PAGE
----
Culinary Arts gives students taste of the real world

February 10, 2012

How’s this for a classroom project: prepare a dozen different appetizers for a special event, present and serve the appetizers, and stay under budget. Oh, and make enough to feed 1,000 people.

For students in the Marshall High School Culinary Arts program, no sweat. Okay, maybe a little.

The Culinary Arts students pulled off the most challenging real-world assignment of their young careers, wowing everyone who attended the Northside PTA Founders Day celebration at Marshall earlier this month.

Marshall-HS-Culinary-Arts-150

The day before the Founders Day event, the Marshall High School kitchen is organized chaos. One student is defrosting 75 pounds of shrimp for the shrimp cocktail and another is carefully slicing pan after pan of espresso chocolate treats into triangles, while a half-dozen students dice mozzarella cheese and tomatoes that will soon be assembled into caprese tortellini bites.

“It’s all fast-paced and energetic,” senior Natalie Flores says. “It’s great.”

Maintaining calm is Chef B.J. Salter, or just “Salter,” as her students call her.

“We’re getting down to the nitty gritty,” says Salter, who has been leading the Marshall Culinary Arts program for the last three years. “Work smarter, not harder.”

Marshall-HS-Culinary-Arts-030

The Culinary Arts program is offered at all of NISD’s comprehensive high schools through Career & Technology Education. The goal of the Culinary Arts program – and all Career Tech classes – is to provide students with marketable skills that will make them successful in the workforce and college.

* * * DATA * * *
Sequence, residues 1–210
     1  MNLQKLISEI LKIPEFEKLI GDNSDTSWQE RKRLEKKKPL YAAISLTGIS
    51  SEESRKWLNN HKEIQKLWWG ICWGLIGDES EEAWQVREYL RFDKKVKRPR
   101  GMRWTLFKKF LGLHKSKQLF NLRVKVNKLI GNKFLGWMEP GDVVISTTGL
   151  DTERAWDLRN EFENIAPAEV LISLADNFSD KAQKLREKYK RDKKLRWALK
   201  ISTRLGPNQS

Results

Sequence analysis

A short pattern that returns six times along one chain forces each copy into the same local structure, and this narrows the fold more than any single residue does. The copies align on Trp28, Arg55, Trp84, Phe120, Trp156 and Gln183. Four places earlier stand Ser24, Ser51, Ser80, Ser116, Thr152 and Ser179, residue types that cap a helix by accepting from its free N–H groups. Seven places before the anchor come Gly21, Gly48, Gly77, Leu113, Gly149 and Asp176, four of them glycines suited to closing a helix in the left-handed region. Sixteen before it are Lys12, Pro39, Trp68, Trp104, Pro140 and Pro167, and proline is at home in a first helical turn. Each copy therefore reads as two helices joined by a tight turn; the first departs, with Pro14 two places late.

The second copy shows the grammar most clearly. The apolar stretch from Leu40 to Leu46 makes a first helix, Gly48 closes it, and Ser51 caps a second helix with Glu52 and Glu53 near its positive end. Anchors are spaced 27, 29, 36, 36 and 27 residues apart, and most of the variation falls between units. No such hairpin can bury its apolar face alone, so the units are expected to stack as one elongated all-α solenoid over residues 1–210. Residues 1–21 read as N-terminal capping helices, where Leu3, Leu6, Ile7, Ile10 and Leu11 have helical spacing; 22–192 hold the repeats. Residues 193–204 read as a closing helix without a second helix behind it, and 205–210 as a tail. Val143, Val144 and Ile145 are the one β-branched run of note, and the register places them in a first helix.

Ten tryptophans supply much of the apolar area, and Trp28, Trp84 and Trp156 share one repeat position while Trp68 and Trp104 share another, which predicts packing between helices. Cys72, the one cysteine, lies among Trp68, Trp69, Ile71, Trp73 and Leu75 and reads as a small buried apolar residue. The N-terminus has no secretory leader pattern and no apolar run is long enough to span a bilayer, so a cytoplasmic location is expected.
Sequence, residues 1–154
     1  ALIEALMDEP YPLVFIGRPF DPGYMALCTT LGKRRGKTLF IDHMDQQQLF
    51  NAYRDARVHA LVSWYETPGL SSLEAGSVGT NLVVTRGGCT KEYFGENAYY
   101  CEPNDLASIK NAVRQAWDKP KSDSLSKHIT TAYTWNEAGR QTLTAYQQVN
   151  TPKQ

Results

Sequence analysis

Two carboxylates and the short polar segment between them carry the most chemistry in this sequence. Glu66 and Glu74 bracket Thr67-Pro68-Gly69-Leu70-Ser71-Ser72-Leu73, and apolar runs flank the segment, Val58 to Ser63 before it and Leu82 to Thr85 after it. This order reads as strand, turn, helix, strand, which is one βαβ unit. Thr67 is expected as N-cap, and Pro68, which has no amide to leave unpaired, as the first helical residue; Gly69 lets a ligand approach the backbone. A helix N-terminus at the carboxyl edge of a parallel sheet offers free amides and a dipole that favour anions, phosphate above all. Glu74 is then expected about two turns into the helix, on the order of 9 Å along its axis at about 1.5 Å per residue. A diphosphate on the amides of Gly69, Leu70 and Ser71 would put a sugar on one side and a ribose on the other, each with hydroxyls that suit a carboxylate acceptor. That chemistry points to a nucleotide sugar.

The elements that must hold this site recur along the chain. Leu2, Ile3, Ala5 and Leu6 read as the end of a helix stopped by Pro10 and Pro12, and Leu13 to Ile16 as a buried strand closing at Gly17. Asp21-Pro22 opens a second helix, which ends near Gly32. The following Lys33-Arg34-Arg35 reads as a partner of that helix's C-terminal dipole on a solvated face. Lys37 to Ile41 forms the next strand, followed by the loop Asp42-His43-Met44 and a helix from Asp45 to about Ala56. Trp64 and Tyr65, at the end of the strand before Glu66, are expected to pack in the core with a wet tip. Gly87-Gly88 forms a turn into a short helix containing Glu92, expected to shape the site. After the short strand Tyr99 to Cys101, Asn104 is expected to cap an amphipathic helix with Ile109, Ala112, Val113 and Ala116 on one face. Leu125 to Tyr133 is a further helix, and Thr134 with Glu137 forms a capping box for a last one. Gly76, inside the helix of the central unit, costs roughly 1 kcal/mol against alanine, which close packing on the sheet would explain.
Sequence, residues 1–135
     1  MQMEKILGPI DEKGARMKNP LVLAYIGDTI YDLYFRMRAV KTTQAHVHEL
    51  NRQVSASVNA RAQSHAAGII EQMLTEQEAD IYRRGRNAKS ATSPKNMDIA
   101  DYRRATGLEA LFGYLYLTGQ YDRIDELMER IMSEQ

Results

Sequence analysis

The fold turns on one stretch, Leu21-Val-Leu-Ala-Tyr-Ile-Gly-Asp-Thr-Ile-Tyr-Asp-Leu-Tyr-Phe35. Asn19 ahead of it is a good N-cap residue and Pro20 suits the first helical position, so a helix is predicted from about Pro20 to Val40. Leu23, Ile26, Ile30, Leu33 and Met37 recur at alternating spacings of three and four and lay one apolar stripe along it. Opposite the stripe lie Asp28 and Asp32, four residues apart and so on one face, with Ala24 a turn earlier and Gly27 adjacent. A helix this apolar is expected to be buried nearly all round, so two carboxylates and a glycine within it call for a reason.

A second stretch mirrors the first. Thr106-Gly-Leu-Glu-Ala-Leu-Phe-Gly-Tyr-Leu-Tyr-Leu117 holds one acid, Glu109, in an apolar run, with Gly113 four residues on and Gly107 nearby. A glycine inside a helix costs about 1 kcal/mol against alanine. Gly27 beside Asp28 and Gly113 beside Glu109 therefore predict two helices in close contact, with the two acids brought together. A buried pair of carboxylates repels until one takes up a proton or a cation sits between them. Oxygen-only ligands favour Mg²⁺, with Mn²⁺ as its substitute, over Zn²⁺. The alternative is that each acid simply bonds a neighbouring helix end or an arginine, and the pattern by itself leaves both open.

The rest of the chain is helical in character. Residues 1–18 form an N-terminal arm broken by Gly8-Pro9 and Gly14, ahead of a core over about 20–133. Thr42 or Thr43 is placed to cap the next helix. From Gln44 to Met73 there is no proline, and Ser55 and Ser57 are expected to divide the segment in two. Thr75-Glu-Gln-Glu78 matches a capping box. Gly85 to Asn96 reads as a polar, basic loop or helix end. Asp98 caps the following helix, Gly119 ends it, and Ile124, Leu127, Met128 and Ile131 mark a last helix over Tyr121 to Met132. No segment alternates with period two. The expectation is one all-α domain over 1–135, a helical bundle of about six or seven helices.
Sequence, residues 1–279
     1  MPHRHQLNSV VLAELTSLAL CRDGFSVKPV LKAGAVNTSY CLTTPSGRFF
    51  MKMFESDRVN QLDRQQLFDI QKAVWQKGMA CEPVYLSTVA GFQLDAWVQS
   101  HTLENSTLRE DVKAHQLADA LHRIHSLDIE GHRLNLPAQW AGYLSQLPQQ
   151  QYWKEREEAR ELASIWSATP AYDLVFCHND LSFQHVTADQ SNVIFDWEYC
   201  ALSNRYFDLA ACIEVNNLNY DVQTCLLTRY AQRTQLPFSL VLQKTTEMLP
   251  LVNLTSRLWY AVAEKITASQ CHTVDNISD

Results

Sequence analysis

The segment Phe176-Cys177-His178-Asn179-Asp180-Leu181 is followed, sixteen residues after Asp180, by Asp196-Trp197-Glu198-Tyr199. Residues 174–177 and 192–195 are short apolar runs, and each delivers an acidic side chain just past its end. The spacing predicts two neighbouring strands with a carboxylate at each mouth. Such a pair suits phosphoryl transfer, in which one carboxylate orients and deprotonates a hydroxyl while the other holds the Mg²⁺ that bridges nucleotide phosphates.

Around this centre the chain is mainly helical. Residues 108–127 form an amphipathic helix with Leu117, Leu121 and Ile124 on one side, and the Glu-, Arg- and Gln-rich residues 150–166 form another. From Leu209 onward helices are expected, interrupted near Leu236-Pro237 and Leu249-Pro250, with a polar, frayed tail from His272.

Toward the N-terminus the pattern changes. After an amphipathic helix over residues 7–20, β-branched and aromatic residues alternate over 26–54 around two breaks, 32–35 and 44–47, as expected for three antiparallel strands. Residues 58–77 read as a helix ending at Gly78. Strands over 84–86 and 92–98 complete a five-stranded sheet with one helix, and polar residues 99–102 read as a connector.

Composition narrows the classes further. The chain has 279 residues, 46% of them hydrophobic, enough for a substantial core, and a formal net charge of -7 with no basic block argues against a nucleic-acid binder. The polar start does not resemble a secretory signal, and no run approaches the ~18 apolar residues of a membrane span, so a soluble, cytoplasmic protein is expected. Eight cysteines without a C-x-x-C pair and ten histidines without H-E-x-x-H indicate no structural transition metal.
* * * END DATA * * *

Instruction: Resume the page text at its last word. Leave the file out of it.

Salter said about half of her students go on to pursue a career in the culinary field at well-respected programs like the Culinary Institute of America, St. Philip’s College, and Johnson & Wales University.

But no matter their career choice, students will learn skills that will help them in whatever field they choose, Salter said. Cooking food requires knowledge of science and chemistry; figuring out yields and amounts of ingredients requires math; and students even get a social studies lesson when they cook foods from other cultures.

Students also learn about the importance of visual presentation and the business side of food preparation. Perhaps most importantly, students learn about teamwork and trust.

Marshall-HS-Culinary-Arts-135

“Working as one helps us stay on top of things,” says senior Keegan Talbert, who hopes to attend the culinary program at either St. Philip’s or Johnson & Wales. “I trust everybody in this room.”

Flores said she wants to be an English teacher or a lawyer but joined the Culinary Arts program so that she could learn how to cook and survive in college. She didn’t even know how to boil spaghetti, she admits. Now, she can filet a fish.

It’s so much better than I expected,” she said. “I love this program.”

The students’ passion is evident in the quality of the food they prepare and the time commitment they make to the program. It’s not unusual for students to show up in the kitchen at 7 a.m. – almost two hours before school starts – ready to cook.

“I have to force them to go to their classes,” Salter says.

Any student who is interested in the Culinary Arts program at his or her school can contact the Culinary Arts instructor or counselor.